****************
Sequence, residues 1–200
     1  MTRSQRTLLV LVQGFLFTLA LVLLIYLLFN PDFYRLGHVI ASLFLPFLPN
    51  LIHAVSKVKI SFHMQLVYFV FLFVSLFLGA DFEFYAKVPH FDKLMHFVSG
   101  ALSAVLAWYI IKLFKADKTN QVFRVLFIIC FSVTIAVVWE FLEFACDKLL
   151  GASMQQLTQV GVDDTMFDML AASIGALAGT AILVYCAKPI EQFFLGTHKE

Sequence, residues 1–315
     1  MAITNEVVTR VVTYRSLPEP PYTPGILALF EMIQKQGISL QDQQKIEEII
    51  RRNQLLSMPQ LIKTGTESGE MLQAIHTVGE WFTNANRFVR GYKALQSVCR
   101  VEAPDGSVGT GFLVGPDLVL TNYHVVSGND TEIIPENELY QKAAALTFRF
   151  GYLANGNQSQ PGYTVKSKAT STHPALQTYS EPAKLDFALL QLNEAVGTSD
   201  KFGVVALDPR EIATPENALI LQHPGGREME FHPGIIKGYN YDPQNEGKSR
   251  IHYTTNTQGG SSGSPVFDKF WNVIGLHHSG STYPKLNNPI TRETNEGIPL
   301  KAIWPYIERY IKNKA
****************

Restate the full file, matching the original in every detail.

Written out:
Sequence, residues 1–200
     1  MTRSQRTLLV LVQGFLFTLA LVLLIYLLFN PDFYRLGHVI ASLFLPFLPN
    51  LIHAVSKVKI SFHMQLVYFV FLFVSLFLGA DFEFYAKVPH FDKLMHFVSG
   101  ALSAVLAWYI IKLFKADKTN QVFRVLFIIC FSVTIAVVWE FLEFACDKLL
   151  GASMQQLTQV GVDDTMFDML AASIGALAGT AILVYCAKPI EQFFLGTHKE

Sequence, residues 1–315
     1  MAITNEVVTR VVTYRSLPEP PYTPGILALF EMIQKQGISL QDQQKIEEII
    51  RRNQLLSMPQ LIKTGTESGE MLQAIHTVGE WFTNANRFVR GYKALQSVCR
   101  VEAPDGSVGT GFLVGPDLVL TNYHVVSGND TEIIPENELY QKAAALTFRF
   151  GYLANGNQSQ PGYTVKSKAT STHPALQTYS EPAKLDFALL QLNEAVGTSD
   201  KFGVVALDPR EIATPENALI LQHPGGREME FHPGIIKGYN YDPQNEGKSR
   251  IHYTTNTQGG SSGSPVFDKF WNVIGLHHSG STYPKLNNPI TRETNEGIPL
   301  KAIWPYIERY IKNKA